There was one more thing about the trip that confused me: London Heathrow has long been an absolute nightmare for security, especially the dismal Terminal 3. It’s had some work done and the facelift has made it less dreary but the idea of flying out through it, with its long queues and jobsworth security team, fills me with dread. I get there expecting trouble. What has happened? For the first time in years, the queue for the scanners moved freely, there was no demand for the removal of shoes and boots, staff were efficient and friendly. It was a revelation and a very pleasant one at that.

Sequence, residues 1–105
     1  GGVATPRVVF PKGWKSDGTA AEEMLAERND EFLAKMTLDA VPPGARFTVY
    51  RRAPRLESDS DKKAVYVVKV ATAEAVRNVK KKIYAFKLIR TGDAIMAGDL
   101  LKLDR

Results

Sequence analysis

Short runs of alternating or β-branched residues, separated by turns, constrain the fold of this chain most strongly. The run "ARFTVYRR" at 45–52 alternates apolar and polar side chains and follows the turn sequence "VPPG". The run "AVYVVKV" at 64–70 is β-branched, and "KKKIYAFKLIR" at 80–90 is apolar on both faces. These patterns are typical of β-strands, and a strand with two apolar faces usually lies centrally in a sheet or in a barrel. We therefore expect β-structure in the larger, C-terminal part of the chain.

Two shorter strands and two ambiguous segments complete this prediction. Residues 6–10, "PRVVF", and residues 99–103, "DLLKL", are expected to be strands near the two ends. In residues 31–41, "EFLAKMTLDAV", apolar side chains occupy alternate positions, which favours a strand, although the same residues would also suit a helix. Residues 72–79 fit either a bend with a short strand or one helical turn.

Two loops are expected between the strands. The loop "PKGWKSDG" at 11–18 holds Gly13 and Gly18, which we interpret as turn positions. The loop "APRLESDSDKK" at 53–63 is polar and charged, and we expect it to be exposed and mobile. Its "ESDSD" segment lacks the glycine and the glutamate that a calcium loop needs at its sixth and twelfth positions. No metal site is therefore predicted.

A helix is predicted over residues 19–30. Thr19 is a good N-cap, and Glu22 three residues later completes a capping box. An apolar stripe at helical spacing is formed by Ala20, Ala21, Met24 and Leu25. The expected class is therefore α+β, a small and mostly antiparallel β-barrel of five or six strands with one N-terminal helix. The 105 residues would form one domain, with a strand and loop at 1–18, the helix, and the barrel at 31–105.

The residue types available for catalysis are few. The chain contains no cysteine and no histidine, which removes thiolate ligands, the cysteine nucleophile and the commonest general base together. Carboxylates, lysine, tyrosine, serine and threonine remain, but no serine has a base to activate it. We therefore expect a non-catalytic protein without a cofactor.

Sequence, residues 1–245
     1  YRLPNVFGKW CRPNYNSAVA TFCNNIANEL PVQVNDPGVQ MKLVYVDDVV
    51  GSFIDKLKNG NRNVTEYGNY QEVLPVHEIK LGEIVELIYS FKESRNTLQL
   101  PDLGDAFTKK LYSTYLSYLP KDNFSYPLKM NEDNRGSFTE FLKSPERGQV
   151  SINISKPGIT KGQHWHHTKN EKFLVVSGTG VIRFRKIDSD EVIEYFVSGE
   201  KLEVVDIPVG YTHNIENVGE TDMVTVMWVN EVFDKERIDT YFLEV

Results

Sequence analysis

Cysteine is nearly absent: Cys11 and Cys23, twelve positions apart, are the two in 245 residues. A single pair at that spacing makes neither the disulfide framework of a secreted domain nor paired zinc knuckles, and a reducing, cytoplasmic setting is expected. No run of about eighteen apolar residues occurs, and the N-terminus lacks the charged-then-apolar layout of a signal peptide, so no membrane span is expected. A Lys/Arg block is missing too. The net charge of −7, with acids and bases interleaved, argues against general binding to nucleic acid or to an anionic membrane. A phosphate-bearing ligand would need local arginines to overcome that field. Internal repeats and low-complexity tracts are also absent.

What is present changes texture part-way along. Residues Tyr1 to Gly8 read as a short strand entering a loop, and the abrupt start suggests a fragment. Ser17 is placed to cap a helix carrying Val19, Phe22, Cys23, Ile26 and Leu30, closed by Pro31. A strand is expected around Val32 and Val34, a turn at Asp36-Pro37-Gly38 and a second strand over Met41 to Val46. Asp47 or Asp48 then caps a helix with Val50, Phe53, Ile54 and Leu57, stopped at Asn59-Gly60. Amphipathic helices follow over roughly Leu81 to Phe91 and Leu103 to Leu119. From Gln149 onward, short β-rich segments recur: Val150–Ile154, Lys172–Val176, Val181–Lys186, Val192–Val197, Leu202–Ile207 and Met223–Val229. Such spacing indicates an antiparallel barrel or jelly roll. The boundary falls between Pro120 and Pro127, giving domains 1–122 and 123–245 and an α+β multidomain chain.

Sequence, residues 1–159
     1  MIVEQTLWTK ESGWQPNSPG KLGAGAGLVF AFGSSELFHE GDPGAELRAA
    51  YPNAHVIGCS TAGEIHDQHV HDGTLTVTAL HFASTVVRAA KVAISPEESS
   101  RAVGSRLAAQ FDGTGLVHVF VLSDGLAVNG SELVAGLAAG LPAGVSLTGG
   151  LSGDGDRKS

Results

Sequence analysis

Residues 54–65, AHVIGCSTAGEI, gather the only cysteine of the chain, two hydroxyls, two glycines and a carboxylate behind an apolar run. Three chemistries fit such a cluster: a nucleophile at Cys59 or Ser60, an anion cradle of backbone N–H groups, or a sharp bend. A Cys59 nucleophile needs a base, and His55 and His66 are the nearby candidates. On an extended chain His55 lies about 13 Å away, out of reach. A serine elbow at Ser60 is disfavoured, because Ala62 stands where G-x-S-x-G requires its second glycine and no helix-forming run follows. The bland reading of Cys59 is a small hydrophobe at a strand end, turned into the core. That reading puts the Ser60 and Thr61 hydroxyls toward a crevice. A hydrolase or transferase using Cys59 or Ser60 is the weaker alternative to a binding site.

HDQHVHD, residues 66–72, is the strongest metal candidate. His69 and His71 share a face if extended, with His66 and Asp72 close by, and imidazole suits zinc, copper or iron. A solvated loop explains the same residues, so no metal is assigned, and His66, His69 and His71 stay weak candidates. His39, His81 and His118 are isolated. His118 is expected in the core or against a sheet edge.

I came through security and straight out into the shopping area. Here’s why I am confused: the UK is making a lot of fuss about (mainly) young people travelling to various parts of the Middle East, especially Syria, where they join so-called Jihadist groups. It is said that they wish to prevent such travel. Yet at no point did I have to present my passport to immigration. Visible security is a significant deterrent. I don’t want more queues and delays, but I do want to know that the identity of the person next to me has been verified by an immigration officer. It’s not only UK citizens that don’t go through a formal passport check – it’s everyone. How, then, do non-EU citizens get cancellation stamps on their passports, a stamp that, in absence, may confuse immigration officers in other countries?